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What Information Must Be Included in the Cost Section of an Informed Consent Form?


What information must be included in the cost section of an informed consent form?


When a person considers enrolling in a clinical trial, the individual may assume that all expenses will be covered by the trial and not even consider that some costs might be billed to them or to their insurance company.

U.S. Food and Drug Administration’s (FDA) regulations require disclosure of any additional costs to the subject that may result from participation in the research [21 CFR 50.25(b)(3)].

The FDA recommends that any additional cost that may be charged to the subject, the subject’s insurance, or similar reimbursement process be explained during the informed consent process as is noted in the FDA guidance document on informed consent.

Participants need to be made aware of the possibility that their insurance might not fund all or part of the medical care they receive while participating in a clinical research trial. This is true even when the care they will receive in the trial is considered standard care that their insurance might otherwise have reimbursed if they were not participating in the research.

Participants also need to be informed if they might be responsible for deductibles or copayments, if insurance is charged for any medical costs related to the research.

If the sponsor or study site plans to cover all costs or those not covered by insurance, how these funds will be made available to subjects needs to be clearly explained in the consent form, or the consent form needs to direct subjects where to obtain further information.

Consider adding language that would refer people to a knowledgeable financial specialist to explain the costs that might be incurred, insurance coverage, and reimbursement issues before deciding to sign the consent form.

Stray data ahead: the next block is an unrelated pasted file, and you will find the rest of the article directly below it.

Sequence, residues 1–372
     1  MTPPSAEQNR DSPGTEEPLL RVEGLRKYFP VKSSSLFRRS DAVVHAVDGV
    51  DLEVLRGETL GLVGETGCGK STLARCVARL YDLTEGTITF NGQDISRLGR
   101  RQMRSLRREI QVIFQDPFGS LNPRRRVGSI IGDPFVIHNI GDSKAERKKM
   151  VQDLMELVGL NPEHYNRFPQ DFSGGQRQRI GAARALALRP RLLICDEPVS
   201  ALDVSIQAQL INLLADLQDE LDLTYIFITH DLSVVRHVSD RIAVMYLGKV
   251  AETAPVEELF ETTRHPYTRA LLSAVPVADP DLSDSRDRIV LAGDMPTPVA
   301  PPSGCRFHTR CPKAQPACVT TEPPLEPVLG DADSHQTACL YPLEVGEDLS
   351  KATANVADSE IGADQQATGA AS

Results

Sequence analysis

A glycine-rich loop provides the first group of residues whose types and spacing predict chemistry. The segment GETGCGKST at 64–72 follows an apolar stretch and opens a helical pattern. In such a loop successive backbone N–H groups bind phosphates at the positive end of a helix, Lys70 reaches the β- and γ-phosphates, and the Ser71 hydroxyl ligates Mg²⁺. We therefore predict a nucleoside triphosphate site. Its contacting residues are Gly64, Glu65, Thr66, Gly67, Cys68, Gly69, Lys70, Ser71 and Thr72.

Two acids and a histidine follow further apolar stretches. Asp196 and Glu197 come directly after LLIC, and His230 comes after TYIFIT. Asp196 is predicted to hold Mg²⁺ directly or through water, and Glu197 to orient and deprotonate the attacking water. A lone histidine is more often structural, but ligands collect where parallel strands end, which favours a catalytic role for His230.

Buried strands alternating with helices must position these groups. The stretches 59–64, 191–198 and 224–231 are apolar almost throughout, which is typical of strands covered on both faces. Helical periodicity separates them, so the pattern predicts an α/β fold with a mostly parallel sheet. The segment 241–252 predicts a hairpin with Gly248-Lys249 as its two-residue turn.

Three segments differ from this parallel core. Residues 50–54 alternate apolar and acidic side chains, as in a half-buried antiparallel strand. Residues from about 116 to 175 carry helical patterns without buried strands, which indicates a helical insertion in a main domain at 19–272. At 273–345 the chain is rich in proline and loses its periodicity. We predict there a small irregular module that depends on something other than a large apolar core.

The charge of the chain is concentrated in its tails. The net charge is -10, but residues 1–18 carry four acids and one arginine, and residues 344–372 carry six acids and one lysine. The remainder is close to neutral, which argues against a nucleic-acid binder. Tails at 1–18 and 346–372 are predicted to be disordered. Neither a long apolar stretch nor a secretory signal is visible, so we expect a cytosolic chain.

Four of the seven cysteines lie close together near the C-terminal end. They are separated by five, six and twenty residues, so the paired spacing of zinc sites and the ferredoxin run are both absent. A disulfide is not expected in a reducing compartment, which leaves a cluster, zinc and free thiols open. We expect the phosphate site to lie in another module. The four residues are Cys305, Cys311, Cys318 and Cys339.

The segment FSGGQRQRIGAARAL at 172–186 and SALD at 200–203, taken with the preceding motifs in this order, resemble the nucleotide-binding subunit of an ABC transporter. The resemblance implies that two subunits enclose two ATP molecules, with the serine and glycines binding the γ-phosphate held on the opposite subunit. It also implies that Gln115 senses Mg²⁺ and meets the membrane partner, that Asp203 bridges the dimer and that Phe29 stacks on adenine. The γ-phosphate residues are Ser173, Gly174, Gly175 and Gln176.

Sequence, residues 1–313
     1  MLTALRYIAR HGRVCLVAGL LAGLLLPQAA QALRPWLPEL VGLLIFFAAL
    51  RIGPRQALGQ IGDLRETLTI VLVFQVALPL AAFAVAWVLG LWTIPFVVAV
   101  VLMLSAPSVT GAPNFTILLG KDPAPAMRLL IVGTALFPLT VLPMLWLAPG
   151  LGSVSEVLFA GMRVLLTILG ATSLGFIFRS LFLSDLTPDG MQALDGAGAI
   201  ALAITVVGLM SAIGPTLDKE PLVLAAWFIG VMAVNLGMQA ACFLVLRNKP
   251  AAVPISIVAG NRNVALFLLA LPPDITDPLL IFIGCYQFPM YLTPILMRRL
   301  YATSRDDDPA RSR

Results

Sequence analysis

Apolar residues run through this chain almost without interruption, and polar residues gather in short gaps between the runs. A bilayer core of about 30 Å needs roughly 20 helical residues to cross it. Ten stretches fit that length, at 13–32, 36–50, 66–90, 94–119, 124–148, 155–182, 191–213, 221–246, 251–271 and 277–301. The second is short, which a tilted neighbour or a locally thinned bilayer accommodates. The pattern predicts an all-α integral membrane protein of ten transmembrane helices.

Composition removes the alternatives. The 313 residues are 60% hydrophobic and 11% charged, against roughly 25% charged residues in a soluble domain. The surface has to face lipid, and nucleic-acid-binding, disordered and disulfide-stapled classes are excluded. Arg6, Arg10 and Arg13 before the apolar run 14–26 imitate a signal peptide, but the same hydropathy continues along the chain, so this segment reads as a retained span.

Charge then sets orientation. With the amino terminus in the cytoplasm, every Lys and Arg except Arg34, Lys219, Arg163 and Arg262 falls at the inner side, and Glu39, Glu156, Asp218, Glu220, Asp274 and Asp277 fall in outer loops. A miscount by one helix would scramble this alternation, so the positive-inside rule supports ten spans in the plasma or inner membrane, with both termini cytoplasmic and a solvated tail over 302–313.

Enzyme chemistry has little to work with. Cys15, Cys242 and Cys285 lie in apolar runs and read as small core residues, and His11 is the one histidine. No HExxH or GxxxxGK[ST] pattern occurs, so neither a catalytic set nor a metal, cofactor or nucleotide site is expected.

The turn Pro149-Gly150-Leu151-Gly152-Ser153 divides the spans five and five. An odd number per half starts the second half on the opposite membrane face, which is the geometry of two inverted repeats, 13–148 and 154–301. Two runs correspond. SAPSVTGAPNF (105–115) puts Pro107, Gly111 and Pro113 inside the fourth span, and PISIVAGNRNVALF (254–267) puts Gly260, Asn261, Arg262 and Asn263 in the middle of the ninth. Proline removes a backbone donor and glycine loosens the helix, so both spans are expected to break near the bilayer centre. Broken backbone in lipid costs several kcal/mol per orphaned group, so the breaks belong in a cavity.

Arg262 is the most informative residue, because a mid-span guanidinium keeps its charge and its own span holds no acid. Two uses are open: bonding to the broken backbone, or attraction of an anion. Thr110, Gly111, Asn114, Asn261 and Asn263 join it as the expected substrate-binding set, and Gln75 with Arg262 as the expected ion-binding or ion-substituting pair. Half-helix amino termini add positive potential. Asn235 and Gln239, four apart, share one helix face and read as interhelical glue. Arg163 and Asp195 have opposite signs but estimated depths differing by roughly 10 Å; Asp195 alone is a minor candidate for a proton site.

Other indirect costs that might result from participation in a clinical trial also need to be considered such as time off work, child or elder care, or transportation costs. To assist the prospective participant in understanding these additional costs, the consent process should describe the protocol requirements in sufficient detail (e.g., number and duration of study site visits and procedures) to help people appreciate how much time they may need to take away from work, childcare, or elder care.

Cost Language Examples:

  • There is no cost to you for participation in this study.
  • Study drug will be provided by the sponsor free of charge. Any visits, procedures, or tests that are required only for the study protocol and would not be performed if you did not participate in the study, will be paid for by sponsor. The costs for routine care (tests and procedures that are required by the study protocol, but your study or regular physician would perform even if you were not taking part in this study) will be billed in the usual way. This means you and/or your insurance will be responsible for payment of the costs of routine care. You will be responsible for any deductibles or co-payments required by your insurance company.
  • You (and/or your insurance company) will not be expected to pay for any tests or procedures that are done solely for the purposes of this study. You (and/or your insurance company) will not be expected to pay for study treatments. You will still need to pay for your usual medical care. You (and/or your insurance company) will be responsible for costs of care that are associated with your usual care, which includes some tests and procedures that are done while you are in this study. This could include any non-study procedures and/or non-study medication that are needed while you are in this study. You should contact your medical insurance company to find out if they will pay for routine medical care while you are in this study.
  • You will not need to pay for study treatment and study visits or any medical tests specifically needed for this study (these are tests you would not receive as the usual care for your disease). You may want to talk to your study team about the difference between medical tests for your usual care and medical tests specifically needed for this study, as well as any other questions you may have about costs.
  • You may be responsible for other costs which may include travel expenses, medical tests that you would receive as the usual care for your disease which may be covered by your insurance, and any lost income for study participants and their caregivers (such as taking time off work to attend appointments).
  • In some cases, insurance does not pay for services ordinarily covered because these services were performed in a research study. You should check with your insurance to see what services will be covered by your insurance and what you will be responsible for paying.

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